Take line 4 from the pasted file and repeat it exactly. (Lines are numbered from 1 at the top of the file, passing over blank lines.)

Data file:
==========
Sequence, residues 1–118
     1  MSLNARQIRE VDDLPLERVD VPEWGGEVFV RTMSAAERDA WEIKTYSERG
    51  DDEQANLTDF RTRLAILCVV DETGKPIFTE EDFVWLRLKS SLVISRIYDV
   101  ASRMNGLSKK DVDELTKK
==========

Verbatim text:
   101  ASRMNGLSKK DVDELTKK